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secede; and Tierney support the Address, abuse O'Connor, and attack Government only on this last event in Ireland. Pray write to me by return of post. I presume I may depend on Mr. Fisher, and therefore that I am secure in waiting for him. No news yet of the 'Melpomene.'
God bless you, my dearest brother.
LORD GRENVILLE TO THE MARQUIS OF BUCKINGHAM.
Cleveland Row, Dec. 11th, 1798. MY DEAREST BROTHER,
I have this morning received your letter; and to the first paragraph of it I will only say that I am too much accustomed to your kindness to be surprised at this fresh instance of it. Be assured that I feel it as I ought.
Tom will, I think, set out to-morrow, though it is in truth useless for him to leave town while this east wind blows in the teeth of all our projects. He will have a more difficult task to acccomplish than I once thought, particularly on account of a new intrigue that has just sprung up at Berlin, as if on purpose to cross or thwart our plans. Still, however, I persuade myself that all will ultimately go right, and I am confident that he will do whatever can be done.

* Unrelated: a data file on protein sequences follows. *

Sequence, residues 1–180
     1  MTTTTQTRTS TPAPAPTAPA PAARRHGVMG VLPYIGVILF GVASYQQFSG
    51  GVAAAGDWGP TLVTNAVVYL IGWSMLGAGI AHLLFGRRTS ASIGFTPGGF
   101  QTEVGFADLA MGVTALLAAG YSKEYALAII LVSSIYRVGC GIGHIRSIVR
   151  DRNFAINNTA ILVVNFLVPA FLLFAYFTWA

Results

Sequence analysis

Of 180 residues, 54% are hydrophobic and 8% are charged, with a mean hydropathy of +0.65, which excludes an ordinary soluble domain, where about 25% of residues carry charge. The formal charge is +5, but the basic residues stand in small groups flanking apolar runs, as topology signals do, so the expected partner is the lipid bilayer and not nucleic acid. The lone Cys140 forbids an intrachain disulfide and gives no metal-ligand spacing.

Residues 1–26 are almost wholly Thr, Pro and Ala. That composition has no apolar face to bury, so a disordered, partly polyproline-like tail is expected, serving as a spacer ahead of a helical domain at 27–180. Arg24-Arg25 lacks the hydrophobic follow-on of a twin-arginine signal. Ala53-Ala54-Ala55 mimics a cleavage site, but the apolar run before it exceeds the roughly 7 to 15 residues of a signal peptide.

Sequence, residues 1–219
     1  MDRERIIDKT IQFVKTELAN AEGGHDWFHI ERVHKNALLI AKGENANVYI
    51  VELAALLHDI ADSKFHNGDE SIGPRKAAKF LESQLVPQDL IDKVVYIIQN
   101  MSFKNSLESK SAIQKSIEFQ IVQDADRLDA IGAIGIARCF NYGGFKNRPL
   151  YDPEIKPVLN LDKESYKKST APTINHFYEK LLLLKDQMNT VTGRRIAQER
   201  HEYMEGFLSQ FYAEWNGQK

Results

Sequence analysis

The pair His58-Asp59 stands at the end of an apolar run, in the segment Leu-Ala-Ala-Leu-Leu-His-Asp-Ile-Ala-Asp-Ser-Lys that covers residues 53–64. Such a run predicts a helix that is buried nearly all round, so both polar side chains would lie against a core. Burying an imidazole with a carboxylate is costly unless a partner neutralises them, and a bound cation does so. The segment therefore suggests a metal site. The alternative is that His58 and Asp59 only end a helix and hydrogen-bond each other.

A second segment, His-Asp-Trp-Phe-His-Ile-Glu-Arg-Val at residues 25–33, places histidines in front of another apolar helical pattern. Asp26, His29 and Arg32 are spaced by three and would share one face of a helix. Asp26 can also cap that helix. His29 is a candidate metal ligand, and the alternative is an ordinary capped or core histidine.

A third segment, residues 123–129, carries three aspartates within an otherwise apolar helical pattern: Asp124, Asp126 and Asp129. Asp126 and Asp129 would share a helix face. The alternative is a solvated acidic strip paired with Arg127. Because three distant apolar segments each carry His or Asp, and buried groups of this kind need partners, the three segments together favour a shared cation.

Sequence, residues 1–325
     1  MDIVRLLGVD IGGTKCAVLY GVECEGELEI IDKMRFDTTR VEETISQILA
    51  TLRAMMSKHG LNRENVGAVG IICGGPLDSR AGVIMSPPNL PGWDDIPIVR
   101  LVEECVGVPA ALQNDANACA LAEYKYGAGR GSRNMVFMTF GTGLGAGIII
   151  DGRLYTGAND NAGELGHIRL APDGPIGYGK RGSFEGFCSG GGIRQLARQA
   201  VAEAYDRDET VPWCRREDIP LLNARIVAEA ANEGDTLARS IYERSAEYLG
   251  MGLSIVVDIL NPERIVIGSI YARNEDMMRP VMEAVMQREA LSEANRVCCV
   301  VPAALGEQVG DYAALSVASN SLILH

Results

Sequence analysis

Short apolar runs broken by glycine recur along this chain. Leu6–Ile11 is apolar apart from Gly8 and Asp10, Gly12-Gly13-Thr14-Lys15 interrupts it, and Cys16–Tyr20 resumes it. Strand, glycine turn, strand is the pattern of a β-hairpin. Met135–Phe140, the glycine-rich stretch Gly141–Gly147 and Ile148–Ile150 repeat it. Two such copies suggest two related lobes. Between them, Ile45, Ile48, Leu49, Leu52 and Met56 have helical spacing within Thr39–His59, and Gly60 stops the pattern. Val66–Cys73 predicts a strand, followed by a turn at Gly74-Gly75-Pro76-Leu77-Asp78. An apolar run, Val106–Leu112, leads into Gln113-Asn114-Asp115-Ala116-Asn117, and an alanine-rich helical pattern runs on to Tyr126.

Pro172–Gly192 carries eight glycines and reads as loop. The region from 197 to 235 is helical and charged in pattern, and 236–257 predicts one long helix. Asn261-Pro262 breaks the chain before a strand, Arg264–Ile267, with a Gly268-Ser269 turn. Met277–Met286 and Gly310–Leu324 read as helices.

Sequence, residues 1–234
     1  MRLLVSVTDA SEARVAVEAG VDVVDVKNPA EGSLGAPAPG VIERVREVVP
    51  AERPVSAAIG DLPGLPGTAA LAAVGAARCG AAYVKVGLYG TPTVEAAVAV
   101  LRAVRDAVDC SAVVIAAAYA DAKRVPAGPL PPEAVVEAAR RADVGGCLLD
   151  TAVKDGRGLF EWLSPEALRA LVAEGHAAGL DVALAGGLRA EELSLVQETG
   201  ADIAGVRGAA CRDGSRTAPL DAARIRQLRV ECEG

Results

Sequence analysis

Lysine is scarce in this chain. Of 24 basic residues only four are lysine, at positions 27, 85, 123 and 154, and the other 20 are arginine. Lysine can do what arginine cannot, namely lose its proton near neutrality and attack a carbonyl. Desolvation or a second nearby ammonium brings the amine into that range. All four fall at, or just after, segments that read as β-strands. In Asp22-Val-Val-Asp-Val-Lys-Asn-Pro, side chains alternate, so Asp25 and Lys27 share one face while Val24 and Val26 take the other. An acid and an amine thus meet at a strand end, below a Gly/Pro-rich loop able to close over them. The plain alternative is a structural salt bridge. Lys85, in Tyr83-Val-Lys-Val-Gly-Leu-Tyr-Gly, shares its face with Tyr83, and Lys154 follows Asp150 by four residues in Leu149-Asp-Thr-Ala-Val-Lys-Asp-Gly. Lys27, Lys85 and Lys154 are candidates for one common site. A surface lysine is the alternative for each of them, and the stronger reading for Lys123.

If no more solid arguments are opposed to the Union than those of Mr. Wild, we shall have at least the victory in disputation, though in point of violence and inflammation he will, to be sure, not be easily surpassed. The part which you say the Catholics are disposed to take is undoubtedly very important; but does this mean only their leaders, who do not lead them, or has this opinion been spread among the parish priests and lower orders ? Certainly, if they knew their interest, those descriptions ought to be peculiarly favourable to it, for they will come under the especial protection of the mildest and most equitable government upon the earth. But do they see and feel this, and are any pains taken to impress them with it? Forster's language continues to be very hostile, and I imagine he thinks the Government will be frightened out of the measure. The appointment of Commissioners seems, on the whole, to be unavoidable, and the Acts for that purpose should, I think, be proposed on the same day to both Parliaments.